Omar Khayam was born in Nishapur in province of Khorasan in Iran in the latter part of 11th century. He was considered “The King of Wisdom”; he died in 1123 AD. He is one of the most well known poets in the west and his poems are translated into many languages.
It is common for Iranian poets to take their name from their occupation Khayam means “tent maker”. He was Omar the son of Abraham the tent maker. He worked in that trade at one time but he was favored by the king (Sultan), Malik Shah. Omar Khayam rejected the court life in favor of scientific studies and literary pursuits.
Khayam was famous for his rubai (quatrain) poems, also known as a mathematician, historian, and astronomer.
Omar Khayyám is famous today not only for his scientific accomplishments, but for his literary works. He is believed to have written about a thousand four-line verses. In the English-speaking world, he is best known for The Rubáiyát of Omar Khayyám in the English translations by Edward Fitzgerald (1809-1883). Other people have also published translations of some of the rubáiyát (rubáiyát meaning “quatrains”), but Fitzgerald’s are the most well known. Translations also exist in languages other than English.
Omar Khayyám was also famous as an astronomer. In 1073, the Malik-Shah, sultan of Seljuk, invited Khayyám to build and work with an observatory, along with various other distinguished scientists. Eventually, Khayyám very accurately (correct to six decimal places) measured the length of the solar year as 365.24219858156 days. This calendar measurement has only a 1 hour error in every 5,500 years, whereas the Gregorian Calendar used today, has a 1 day error in every 3,330 years. He also calculated how to correct the Persian calendar. On March 15, 1079, Sultan Jalal al-Din Malekshah Saljuqi (1072-92) put Omar’s corrected calendar into effect, as in Europe Julius Caesar had done in 46 B.C. with the corrections of Sosigenes, and as Pope Gregory XIII would do in February 1552 with Aloysius Lilius’ corrected calendar (although Britain would not switch from the Julian to the Gregorian calendar until 1751, and Russia would not switch until 1918).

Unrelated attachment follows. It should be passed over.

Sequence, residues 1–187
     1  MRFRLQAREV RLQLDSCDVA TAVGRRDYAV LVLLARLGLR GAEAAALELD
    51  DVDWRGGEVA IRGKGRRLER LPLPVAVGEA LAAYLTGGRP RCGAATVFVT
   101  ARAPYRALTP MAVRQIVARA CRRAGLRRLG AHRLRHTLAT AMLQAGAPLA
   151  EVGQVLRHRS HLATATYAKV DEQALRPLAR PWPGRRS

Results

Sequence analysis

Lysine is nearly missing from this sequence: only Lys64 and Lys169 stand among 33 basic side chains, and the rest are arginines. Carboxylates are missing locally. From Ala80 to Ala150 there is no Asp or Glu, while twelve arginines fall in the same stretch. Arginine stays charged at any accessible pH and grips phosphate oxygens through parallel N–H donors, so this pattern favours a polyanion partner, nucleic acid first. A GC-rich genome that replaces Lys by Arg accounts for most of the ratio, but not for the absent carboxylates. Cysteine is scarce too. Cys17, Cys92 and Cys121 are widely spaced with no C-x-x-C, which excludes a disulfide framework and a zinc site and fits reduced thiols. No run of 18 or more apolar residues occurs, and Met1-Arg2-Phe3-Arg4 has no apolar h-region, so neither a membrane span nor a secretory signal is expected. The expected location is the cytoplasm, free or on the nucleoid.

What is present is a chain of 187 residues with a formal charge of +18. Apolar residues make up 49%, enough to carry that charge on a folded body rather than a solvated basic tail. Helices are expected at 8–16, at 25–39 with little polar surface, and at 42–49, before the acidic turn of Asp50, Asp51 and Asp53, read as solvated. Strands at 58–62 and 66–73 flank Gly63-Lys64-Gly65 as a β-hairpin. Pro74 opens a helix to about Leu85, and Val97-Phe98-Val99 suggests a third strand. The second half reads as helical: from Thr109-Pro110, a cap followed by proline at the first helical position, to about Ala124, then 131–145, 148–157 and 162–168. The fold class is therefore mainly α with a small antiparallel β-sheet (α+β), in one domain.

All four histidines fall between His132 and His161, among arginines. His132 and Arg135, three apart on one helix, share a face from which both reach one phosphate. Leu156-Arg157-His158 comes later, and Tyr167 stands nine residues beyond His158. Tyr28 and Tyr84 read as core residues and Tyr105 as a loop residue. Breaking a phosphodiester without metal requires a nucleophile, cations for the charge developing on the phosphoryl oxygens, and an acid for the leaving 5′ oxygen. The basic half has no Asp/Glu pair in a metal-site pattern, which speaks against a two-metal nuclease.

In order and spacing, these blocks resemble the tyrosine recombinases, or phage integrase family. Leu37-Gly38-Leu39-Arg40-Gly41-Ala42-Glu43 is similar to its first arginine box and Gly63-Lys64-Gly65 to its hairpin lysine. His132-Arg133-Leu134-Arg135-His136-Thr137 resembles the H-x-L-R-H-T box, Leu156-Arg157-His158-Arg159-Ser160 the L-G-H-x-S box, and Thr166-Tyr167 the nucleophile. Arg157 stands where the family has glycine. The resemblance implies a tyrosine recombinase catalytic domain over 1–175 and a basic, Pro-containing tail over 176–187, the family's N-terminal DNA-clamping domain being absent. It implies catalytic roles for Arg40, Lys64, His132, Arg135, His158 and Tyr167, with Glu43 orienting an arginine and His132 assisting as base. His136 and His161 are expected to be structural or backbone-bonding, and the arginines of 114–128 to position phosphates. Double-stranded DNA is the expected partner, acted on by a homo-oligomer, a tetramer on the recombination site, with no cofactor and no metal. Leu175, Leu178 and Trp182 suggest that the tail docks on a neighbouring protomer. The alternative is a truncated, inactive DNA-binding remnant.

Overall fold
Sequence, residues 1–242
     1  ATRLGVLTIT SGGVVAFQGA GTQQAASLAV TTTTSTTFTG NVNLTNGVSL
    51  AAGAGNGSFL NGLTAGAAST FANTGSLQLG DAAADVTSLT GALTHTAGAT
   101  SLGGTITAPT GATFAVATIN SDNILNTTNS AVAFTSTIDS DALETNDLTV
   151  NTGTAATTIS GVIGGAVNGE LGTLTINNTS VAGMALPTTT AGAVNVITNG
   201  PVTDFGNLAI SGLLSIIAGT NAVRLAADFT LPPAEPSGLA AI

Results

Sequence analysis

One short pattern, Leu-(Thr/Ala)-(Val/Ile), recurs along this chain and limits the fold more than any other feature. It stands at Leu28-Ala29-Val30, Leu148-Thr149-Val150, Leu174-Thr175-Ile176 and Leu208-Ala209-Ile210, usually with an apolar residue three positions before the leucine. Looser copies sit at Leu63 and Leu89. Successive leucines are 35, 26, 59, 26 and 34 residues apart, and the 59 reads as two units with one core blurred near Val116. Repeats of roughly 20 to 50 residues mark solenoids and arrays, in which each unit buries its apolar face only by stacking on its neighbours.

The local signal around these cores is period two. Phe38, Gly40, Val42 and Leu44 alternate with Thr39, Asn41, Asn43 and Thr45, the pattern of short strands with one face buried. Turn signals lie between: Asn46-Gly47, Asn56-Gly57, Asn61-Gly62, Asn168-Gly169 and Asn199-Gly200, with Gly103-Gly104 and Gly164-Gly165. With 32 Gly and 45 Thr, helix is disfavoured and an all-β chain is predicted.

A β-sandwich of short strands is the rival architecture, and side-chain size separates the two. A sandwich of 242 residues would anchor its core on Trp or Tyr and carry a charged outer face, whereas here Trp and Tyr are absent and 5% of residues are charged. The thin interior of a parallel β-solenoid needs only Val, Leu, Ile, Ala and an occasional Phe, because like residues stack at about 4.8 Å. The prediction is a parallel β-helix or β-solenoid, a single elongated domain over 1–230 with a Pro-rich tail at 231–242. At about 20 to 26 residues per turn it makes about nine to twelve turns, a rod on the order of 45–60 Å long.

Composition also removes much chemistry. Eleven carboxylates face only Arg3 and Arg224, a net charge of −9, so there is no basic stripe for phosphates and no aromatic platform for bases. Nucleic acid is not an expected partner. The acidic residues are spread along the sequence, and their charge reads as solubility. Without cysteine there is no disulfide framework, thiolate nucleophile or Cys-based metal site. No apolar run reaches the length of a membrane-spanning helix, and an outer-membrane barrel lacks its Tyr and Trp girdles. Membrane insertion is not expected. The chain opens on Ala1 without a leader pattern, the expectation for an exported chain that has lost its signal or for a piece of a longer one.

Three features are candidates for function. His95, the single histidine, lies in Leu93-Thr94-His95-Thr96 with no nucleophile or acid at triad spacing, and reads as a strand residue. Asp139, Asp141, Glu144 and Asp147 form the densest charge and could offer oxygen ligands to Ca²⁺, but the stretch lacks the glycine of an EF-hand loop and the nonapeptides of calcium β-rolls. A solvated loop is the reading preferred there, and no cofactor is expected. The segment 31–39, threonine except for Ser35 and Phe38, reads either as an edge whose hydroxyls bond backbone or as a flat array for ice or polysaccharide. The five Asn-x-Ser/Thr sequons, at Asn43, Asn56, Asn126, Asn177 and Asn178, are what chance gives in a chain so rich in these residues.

He was famous during his lifetime as a mathematician, well known for inventing the method of solving cubic equations by intersecting a parabola with a circle. In 1070 he wrote his greatest work on algebra. In it he classified equations according to their degree, and gave rules for solving quadratic equations, which are very similar to the ones in use today, and a geometric method for solving cubic equations with real roots.
The Rubaiyat of Omar Khayam was translated by Edward FitzGerald, an English poet and translator who lived 1809-1883. Although The Robaiyat of Omar Khayam gained popularity slowly in the west, it became the most loved poems in English language.
The architecture of his shrine is like a tent because his ancestors’ occupation was tentmaker. Some of his poems have been written on the walls surrounding the shrine. His shrine is in a garden that Imamzadeh Mahroq Mosque is placed there as well, about 100 meters near his shrine.
O Mullah, We (people) do much more work than you do
Even when we are drunk, we are still more sober than you
You drink (suck) people’s blood and we drink the grapes blood(wine)
Let’s be fair, which one of us is more immoral?